Save Money / Consumer News
Price of prescriptions tough to swallow
LOS ANGELES (KABC) -- The price of prescription drugs these days can be a tough pill to swallow. But did you know that in many cases there are savings out there -- everything from cash back offers to co-pay rebates? Find out how you can cash in.
Deals on prescription drugs are easier to find thanks to new Web sites that will do the bargain hunting for you. But while this may sound good, be aware there could be a downside to the discounts.
Ilene Stern loves a great bargain, and clips coupons for everything from cleaning products to gift items.
"It's always nice when I'm going to the cash register and I take out my coupon and I'm paying less than the woman standing next to me," said Illene.
But Illene never thinks to look for a coupon for her medications.
"I did not know that there were coupons for prescription drugs," said Ilene.
There are. In fact, you can find coupons for all kinds of brand name prescriptions, like drugs to asthma, high blood pressure, and even sleep problems. New Web sites like OPTIMIZERx.com list all the available offers for you.
"The savings programs range from coupons where you can get a portion of your co-pay, such as $15 off your co-pay; some include a rebate program where you simply fill out a form to get reimbursement," said David Harrell of OPTIMIZERx.com.
Eyewitness News found coupons for three of the five most commonly prescribed drugs, including one for Lipitor offering up to $180 off co-pay's over a year.
Ilene was able to find one for her thyroid prescription, too.
"There was a coupon that allowed me to have 30 days for free, with an option to renew three additional times," said Illene.
The American Medical Association's Dr. Edward Langston says these coupons can be a way to cut healthcare costs.
"If it's for medication that you're taking, and that is going to be something that you take for a long period of time, then I don't see any real problem with that," said Dr. Langston. "Why not?"
The Food and Drug Administration is now planning a study to see if the coupons prevent patients from paying attention to drug risks. A coalition of dozens of consumer groups is calling on the agency to ban them altogether.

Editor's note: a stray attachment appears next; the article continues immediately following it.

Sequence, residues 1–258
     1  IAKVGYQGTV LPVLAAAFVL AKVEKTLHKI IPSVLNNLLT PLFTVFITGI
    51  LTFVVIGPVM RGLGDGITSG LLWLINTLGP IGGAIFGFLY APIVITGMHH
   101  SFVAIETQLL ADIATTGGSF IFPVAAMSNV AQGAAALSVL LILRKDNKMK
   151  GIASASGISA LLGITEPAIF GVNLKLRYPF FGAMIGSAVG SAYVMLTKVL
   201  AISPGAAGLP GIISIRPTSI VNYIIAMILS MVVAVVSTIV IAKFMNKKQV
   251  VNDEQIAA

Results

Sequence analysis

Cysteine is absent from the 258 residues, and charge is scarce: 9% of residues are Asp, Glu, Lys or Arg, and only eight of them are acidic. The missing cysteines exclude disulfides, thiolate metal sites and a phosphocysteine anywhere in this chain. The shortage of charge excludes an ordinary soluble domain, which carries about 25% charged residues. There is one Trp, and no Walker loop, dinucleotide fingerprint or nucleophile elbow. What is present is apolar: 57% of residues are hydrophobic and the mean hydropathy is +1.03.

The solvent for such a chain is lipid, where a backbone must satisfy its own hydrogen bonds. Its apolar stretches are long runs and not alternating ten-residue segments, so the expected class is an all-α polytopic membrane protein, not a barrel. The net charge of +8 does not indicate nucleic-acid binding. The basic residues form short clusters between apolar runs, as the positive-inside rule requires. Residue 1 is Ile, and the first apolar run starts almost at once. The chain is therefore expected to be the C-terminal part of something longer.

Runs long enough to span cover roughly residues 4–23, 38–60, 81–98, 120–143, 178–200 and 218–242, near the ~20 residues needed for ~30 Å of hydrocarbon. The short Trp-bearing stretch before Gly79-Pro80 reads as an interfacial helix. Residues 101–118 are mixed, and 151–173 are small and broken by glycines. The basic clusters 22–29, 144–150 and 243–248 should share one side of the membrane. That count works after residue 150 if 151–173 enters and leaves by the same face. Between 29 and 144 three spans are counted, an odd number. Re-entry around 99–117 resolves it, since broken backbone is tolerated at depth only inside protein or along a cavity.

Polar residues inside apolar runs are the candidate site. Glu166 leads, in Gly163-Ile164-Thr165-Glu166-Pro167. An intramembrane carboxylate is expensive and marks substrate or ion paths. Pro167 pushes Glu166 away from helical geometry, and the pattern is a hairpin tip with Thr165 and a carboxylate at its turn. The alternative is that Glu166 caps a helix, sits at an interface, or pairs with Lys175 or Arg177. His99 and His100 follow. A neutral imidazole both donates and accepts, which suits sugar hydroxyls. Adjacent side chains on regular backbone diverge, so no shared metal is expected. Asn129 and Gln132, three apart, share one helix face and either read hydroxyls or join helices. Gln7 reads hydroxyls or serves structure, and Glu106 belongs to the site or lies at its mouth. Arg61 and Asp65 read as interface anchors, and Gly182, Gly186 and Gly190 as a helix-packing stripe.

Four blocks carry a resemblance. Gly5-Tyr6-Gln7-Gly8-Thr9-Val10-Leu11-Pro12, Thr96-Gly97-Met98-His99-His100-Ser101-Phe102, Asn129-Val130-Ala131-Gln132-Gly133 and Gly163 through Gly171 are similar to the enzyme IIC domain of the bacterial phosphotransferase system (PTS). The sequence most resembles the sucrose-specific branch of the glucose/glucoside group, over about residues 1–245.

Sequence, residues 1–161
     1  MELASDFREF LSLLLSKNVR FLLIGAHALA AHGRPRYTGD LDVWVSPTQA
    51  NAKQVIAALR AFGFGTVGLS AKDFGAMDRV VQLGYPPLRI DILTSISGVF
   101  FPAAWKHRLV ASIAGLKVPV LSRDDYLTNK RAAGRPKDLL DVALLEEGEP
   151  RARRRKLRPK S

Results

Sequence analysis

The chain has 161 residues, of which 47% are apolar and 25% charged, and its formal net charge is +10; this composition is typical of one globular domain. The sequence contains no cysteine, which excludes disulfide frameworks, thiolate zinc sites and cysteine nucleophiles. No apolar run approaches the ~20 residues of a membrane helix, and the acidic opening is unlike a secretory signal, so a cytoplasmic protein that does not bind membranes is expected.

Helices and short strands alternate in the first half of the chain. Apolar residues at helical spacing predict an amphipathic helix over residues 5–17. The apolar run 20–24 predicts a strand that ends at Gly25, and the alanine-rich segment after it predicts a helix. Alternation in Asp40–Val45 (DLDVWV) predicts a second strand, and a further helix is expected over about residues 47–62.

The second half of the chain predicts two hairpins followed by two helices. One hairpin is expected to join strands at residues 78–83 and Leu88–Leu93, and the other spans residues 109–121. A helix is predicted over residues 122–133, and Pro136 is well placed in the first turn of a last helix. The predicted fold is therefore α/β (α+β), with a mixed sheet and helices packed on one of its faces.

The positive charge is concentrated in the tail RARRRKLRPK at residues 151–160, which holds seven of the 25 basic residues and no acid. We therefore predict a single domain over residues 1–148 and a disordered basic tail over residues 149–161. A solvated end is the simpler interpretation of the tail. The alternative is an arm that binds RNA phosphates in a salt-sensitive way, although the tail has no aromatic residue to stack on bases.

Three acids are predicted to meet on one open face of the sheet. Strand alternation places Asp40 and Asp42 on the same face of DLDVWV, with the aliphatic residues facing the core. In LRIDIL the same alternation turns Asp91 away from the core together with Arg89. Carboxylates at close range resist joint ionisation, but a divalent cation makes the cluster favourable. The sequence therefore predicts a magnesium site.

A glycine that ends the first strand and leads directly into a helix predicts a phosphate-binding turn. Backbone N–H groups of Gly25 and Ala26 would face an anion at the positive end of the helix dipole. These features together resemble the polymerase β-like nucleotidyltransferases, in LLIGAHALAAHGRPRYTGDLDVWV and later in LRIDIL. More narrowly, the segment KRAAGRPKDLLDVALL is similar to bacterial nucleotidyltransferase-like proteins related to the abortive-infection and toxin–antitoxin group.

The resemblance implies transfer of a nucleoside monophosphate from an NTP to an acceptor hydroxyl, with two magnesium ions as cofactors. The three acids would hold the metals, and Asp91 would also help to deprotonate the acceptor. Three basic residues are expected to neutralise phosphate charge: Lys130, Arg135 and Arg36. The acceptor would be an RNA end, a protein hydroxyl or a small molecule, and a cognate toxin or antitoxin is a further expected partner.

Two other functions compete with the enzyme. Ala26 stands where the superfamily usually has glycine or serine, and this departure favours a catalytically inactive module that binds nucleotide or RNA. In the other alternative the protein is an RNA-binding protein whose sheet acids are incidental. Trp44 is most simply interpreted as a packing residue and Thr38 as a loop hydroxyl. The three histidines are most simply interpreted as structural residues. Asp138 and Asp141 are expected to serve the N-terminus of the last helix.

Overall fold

"We need to stop treating prescription drugs like shampoo and fabric softener," said Alex Sugerman-Brozan, the director of the Prescription Access Litigation Project. "These are not just consumer products, they're medical treatments."
Ilene is thrilled with the savings she found and can't wait to cash in her coupon.
"Anytime I could take advantage of a coupon, I would take advantage of it," said Illene. "Today's economy, it doesn't make sense not to."
When using prescription coupons, read the fine print. Many are not valid for mail-in orders and can only be used at brick-and-mortar pharmacies.
If you are on plans like Medicare and Medicaid, read the conditions, since often the coupons don't apply.
For more information:
Internet Drug Coupons.com
Reduce Prescription Costs
save money / consumer news, ric romero
- Body found in canyon ID'd as Maribel Ramos
- Castaic-area brush fire nears containment
- CA task force aims to control gun ownership
- Greuel, Garcetti vie for last-minute votes
- Couple arrested in LA pot grow operation
- OC church burglary suspect in custody
- Police impersonator halts bus in Redlands 59 min ago
- Frazier Park fire: Crews gain upper hand
- Ricin letter case: FBI searches WA apartment
- Virginia parade crash injures up to 60 people 40 min ago
- SKorea: NKorea fires 3 short-range missiles
- Connecticut commuter train crash: 70 injured
- abcnews: Flesh-eating bacteria survivor's bionic hands
- OTRC: Jennifer Lopez debuts 'Live It Up' video